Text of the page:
If you know anything about the origins of Site Reliability Engineering, or SRE, you know that the concept was born at Google.
But why did Google establish the SRE role? And how did SRE spread from the search giant to companies of all types -- including but not limited to Web-scale businesses with massive reliability needs?
Keep reading for answers to these questions as we explore and analyze the history of SRE from Google to the present.
Google’s creation of the SRE role
The first SRE team originated at Google in 2003 under the direction of Ben Treynor Sloss, who had begun his career as a software engineer at Oracle and several other companies before joining Google.
Neither Sloss, nor Google in general, have said much publicly about exactly why they created the SRE role. However, likely factors included:
- Web-scale reliability needs: Google was one of the first companies with truly massive reliability needs. Circa 2003, most businesses could get away with some downtime or slow page loads; after all, more than 50 million U.S. households still had dialup at the time. But as one of the largest Web companies on the planet, Google was on the frontier of a new type of user experience that involved minimal downtime and latency. Building an SRE team was an obvious step toward achieving that goal.
- Massive infrastructure: Along similar lines, Google was one of the first companies with a truly massive, distributed infrastructure. In 2003, the public cloud was not yet a thing, and few businesses had hundreds of thousands of servers spread across dozens of data centers to manage. But Google did, which is why it needed a strategy that would enable large-scale automation of reliability across this sprawling infrastructure. Most other businesses wouldn’t face this challenge until they started to move to the cloud in the later 2000s.
- There was no DevOps: If Sloss had joined Google five years later than he did, it’s reasonable to imagine that he would have formed a DevOps team instead of an SRE team to achieve the type of code-driven reliability management he envisioned. After all, DevOps and SRE are driven by similar (albeit not identical) methodologies and goals. But, in 2003, DevOps didn’t yet exist, so Google had to invent its own concept from scratch. (Why DevOps emerged in parallel to SRE, instead of merging with it, is a story for another time.)
How did SRE spread beyond Google?
The story of SRE’s gradual expansion from Google into businesses of all types unfolded in two main stages.
SREs spreads to Web-scalers
The first stage involved the adoption of SRE by other large, Web-scale companies similar to Google. Facebook had an SRE team by 2010, according to a blog post from the time. Netflix established a “core SRE team” by 2016. Uber started writing in the same year about how it uses SRE. LinkedIn was touting its “SRE culture” by 2017.
It’s easy enough to understand why large companies like these would import Google’s SRE concept into their own IT organizations. They faced the same challenges as Google: Starting early-on, they had massive, distributed infrastructures to manage. They also needed to meet ever-steeper user expectations regarding performance and availability. And although most of these companies embraced SRE after DevOps was already well established, that’s probably because it was clear by the mid-2010s that DevOps alone doesn’t guarantee an excellent user experience.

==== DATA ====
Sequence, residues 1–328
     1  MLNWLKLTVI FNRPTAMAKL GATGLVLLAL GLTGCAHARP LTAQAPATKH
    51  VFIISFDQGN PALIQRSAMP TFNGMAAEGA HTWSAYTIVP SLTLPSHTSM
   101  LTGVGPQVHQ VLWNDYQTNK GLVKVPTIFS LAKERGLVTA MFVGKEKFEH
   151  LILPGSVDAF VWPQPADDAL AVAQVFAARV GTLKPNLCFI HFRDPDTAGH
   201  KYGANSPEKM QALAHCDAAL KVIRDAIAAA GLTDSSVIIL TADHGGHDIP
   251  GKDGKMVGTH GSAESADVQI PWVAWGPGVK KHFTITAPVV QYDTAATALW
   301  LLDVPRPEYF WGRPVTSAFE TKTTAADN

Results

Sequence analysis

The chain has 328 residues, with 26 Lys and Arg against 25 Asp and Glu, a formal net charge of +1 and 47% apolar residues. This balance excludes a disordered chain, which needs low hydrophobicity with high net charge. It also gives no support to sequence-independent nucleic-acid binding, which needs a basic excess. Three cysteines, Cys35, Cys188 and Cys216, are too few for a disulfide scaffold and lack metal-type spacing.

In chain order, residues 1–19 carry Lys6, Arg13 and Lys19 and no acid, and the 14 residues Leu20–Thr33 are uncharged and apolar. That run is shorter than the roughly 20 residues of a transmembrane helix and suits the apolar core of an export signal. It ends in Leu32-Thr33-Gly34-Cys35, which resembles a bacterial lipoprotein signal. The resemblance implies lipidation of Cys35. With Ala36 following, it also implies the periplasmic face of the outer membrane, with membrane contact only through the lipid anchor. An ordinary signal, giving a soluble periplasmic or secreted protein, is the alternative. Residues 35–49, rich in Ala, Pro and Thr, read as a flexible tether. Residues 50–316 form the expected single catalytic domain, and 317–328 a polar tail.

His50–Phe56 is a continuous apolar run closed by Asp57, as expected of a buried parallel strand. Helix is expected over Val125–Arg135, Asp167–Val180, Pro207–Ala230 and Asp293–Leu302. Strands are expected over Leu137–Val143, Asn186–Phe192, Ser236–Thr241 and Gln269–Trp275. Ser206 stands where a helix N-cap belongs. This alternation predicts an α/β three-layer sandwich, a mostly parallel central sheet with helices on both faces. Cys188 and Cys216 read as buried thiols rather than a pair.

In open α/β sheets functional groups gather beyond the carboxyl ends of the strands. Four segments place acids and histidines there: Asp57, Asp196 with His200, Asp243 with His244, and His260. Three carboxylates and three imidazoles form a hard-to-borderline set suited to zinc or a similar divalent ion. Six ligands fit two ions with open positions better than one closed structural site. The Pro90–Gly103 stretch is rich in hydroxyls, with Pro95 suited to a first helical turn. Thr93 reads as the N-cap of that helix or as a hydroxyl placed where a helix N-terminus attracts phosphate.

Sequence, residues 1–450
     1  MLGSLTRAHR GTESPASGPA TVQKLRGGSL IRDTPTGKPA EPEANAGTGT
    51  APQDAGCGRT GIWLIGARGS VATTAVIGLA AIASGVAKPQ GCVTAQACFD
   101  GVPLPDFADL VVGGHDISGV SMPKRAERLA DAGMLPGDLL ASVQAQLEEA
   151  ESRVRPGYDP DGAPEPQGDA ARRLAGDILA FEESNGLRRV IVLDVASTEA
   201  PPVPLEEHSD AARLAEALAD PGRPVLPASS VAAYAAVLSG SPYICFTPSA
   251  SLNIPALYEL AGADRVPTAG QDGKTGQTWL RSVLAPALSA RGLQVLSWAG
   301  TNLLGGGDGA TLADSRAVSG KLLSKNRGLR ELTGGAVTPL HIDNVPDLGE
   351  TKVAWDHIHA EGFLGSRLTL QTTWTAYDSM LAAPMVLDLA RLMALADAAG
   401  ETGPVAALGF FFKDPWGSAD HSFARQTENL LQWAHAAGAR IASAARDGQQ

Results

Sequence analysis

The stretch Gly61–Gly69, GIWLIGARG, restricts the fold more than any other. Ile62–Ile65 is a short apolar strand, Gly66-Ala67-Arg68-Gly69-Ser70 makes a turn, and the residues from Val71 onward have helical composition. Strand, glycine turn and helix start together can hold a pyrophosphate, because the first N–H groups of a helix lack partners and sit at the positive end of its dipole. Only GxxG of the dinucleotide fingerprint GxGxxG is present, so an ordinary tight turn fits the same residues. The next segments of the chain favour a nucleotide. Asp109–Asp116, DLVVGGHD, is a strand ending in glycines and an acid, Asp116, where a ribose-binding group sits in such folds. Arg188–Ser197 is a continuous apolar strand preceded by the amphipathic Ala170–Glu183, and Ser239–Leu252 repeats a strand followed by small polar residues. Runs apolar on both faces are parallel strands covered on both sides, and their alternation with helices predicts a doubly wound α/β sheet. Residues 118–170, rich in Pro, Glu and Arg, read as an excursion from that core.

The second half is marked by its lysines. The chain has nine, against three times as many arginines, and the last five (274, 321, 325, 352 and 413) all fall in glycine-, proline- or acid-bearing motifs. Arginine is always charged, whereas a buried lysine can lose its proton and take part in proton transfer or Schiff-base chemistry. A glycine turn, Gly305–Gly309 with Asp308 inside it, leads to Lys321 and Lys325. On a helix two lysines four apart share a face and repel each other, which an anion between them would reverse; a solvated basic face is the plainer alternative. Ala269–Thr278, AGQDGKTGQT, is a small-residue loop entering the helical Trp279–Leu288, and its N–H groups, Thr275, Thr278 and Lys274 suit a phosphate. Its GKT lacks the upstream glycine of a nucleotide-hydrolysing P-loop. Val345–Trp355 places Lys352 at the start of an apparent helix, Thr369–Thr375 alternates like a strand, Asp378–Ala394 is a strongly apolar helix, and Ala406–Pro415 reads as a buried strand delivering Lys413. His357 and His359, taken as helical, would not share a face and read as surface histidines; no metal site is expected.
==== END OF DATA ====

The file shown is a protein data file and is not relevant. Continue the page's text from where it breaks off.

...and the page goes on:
SRE for “ordinary” companies
The second, more interesting stage in the history of SRE is the adoption of SRE by “ordinary” companies -- meaning those without huge server farms to manage or billions of transactions to handle each day. Over the past few years, businesses of all types have begun hiring SREs, even if they don’t face special reliability challenges.
There are two possible explanations for why the SRE role has become a core part of IT organizations writ large. The cynical one is that SRE is just a trendy new name for what used to be called IT operations. In other words, companies that hire SREs today perhaps haven’t really changed how they operate; they’ve just adopted a fancier job title for their IT engineers.
But there’s a less cynical explanation for widespread adoption of SRE, too. It boils down to the fact that we live in a world where users have extremely high expectations from websites and applications, and traditional IT operations strategy can’t accommodate them. Today, even if you operate a run-of-the-mill website or a mobile apps with just a few thousand users, you need to make sure you can measure content load times in milliseconds and resolve availability issues in minutes instead of days if you want to keep up with your competition. The concepts, tools and strategies that SREs bring have helped smaller businesses achieve these goals.
Conclusion: The future of SRE
That’s a brief summary of how SRE came to exist as we know it today. But where is it headed next?
It’s impossible to predict the future, of course. But if we had to take a guess, we’d say that SRE will become even more widespread at smaller companies. We also foresee ever-greater use of automation tools to streamline SRE workflows in ways that make it more practical for smaller companies to take advantage of SRE even if they lack large in-house IT teams.
If anything is certain, though, it’s that -- despite having originated as a relatively obscure concept within an elite company two decades ago -- SRE is not going anywhere. Even if the rate of creation of new SRE teams levels off, SRE is so well established at this point across companies of virtually all types and sizes that it’s hard to imagine a future where SRE is not a core part of IT strategies everywhere.